Wind energy: All you need to know about wind power

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wind energy

As we become more aware of the climate crisis facing us and our environment, the need to find clean and renewable sources of energy rather than depend on the world’s limited natural resources is becoming ever more important. One increasingly popular solution is wind power. In this article, we’ll look at what wind energy is, and the pros and cons for using it.

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What is wind energy?

Wind energy is a green and renewable energy that harnesses energy produced by wind, and, via the use of wind turbines, turns it into electricity to power homes, offices and other buildings around the country. Technically speaking, wind comes from the sun, as a byproduct of differences in temperature. Uneven heating in the atmosphere, on mountain ranges, in valleys, and elsewhere on the planet, causes wind to be produced.

Is wind energy renewable?Yes! Wind power is a renewable source of energy. By turning wind energy into electricity, we can lower the level of greenhouse gases in the atmosphere and tackle global warming.

Types of wind energy

There are two main types of wind energy depending on where it is generated: onshore wind energy and offshore wind energy. Both methods use wind turbines to generate electricity.

What are the types of wind energy?
Onshore wind energy Offshore wind energy
  • You’ve probably seen these while driving in unbuilt, open spaces. Onshore wind power refers to turbines located on land and using wind to generate electricity. They are normally located in areas where there is low conservation or habitat value.
  • They are cheaper to build than offshore turbines, but often seen as an eyesore for anyone who lives nearby. They tend to produce less electricity than turbines at sea.
  • Offshore wind energy refers to the wind turbines located in seas and oceans that also harness the wind to create electricity. They are usually installed in areas where there are high wind speeds.
  • They generate more electricity because they are bigger than onshore turbines. The main drawback is the cost of building and maintaining them, because of their difficult location.

What are wind turbines and how do they work?

Wind turbines look like giant fans and work on a simple principle - wind turns the blades of a turbine around a rotor, which spins a generator, which in turn creates electricity.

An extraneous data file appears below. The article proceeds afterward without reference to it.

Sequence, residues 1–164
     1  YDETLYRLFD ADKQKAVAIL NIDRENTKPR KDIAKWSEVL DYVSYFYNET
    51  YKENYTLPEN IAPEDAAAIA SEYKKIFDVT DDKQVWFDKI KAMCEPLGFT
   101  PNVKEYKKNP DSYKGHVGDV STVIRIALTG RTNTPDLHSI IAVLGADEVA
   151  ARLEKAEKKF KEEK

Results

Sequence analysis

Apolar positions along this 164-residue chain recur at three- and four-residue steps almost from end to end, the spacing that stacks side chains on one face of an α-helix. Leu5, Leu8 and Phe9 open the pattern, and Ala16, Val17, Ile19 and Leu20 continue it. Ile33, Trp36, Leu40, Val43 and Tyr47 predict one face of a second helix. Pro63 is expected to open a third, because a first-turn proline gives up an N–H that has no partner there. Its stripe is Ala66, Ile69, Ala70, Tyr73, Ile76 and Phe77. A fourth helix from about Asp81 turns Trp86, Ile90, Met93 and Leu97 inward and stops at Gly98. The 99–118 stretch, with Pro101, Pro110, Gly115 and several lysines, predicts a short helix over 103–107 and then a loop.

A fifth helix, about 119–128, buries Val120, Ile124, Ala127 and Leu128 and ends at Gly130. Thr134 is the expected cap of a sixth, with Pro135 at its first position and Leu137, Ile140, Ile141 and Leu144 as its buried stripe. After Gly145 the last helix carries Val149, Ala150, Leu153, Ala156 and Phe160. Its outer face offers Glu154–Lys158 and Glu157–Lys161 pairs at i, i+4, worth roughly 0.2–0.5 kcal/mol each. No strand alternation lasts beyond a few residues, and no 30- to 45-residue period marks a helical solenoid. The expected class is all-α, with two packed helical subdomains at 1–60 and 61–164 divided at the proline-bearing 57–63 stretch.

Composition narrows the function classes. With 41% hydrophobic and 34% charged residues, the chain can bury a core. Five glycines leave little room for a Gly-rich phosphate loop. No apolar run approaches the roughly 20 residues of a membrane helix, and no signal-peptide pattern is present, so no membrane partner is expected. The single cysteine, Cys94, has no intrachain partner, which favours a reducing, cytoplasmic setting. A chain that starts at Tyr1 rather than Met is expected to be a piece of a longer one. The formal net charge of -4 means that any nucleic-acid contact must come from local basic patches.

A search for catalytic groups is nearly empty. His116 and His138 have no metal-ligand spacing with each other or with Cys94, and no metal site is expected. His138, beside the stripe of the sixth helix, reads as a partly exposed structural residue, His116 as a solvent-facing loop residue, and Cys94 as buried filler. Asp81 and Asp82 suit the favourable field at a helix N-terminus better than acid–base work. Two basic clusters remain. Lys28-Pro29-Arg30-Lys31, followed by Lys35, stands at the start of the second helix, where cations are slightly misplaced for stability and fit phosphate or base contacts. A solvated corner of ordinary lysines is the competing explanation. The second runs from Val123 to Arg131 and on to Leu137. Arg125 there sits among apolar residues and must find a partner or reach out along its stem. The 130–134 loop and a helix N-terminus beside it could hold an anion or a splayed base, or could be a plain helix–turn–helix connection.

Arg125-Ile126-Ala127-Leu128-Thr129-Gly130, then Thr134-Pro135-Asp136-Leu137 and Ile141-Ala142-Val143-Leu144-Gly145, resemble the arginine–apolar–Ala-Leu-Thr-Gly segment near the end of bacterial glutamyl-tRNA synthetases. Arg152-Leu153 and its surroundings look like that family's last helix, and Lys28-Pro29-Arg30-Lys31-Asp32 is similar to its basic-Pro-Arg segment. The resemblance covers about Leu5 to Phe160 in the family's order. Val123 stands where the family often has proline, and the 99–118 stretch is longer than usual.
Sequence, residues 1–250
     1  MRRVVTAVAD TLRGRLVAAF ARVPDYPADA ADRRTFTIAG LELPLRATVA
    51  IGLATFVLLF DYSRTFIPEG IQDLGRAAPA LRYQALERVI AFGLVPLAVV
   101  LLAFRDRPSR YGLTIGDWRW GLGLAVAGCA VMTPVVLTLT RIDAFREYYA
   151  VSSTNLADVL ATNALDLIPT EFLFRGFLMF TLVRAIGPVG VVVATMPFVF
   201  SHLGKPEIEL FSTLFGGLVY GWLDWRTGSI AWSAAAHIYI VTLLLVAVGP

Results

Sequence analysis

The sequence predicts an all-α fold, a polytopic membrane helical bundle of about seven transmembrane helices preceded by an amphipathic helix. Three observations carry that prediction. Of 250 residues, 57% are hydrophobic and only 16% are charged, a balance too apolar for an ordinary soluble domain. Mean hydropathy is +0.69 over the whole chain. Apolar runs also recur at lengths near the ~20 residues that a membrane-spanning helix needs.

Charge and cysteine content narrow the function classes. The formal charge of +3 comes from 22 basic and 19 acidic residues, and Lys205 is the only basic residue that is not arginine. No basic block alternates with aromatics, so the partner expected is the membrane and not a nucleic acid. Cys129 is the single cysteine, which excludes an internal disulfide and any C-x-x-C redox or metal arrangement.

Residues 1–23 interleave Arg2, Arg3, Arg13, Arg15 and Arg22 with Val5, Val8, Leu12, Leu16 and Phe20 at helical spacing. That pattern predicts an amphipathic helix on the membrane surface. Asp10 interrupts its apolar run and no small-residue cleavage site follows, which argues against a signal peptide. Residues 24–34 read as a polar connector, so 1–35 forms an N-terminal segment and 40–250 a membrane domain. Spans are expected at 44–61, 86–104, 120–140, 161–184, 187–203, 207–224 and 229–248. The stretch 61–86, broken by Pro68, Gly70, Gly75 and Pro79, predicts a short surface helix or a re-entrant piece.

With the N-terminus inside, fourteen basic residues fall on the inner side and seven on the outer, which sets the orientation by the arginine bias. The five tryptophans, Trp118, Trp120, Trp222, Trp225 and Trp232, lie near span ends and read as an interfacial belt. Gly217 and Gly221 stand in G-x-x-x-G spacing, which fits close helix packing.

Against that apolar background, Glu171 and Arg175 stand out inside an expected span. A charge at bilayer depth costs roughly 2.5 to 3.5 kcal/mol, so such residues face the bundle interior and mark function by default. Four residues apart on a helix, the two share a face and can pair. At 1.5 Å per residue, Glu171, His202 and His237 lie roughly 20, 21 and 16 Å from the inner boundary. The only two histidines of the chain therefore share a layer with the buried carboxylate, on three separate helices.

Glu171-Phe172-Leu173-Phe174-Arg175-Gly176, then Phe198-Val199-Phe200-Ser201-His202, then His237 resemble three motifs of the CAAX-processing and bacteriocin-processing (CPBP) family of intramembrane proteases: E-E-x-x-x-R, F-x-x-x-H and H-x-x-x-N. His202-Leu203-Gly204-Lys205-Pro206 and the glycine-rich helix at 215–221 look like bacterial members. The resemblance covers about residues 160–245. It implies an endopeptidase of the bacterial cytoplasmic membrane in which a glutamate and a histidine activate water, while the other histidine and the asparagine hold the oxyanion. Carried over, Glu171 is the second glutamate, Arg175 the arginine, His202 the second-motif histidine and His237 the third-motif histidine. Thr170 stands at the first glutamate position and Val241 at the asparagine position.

When the wind flows across the blade, the air pressure on one side of the blade decreases. This creates two different levels of pressure on either side of the blade, making it rotate and spin. The rotor connects to a generator, either directly or through a shaft and a series of gears (or gearbox). This allows for the spinning to speed up allowing for the creation of electricity.

How much energy does a wind turbine produce?There are many factors involved in how much electricity can be created by each turbine. In general terms, an average onshore wind turbine can produce more than 6 million kWh in a year – enough to supply 1,500 homes with electricity. Because offshore wind turbines are normally bigger, they can create enough electricity to power 3,312 average households.

Source: European Wind Energy Association.

Wind turbines are normally found together to generate the bulk of the electricity for a particular region. Whether they are located at sea or on land, they are known as wind farms. The UK is actually home to the largest wind farm in the world, located just off the coast of Hornsea, Yorkshire.

Advantages and disadvantages of wind energy

Just like all forms of renewable energy, such as solar energy, wind energy has many pros and cons. In this section, we’ll look at both sides of the argument.

wind turbine

The advantages of wind power include:

  • No need to refuel them: While there are likely to be fuel costs in the construction phase, once built, wind turbines run entirely on the power of the wind generated. In other words, it does not need to be refuelled or need any other power to keep working. In the long-term, this makes wind power more cost-efficient than traditional sources of power and even some other sources or renewable energy.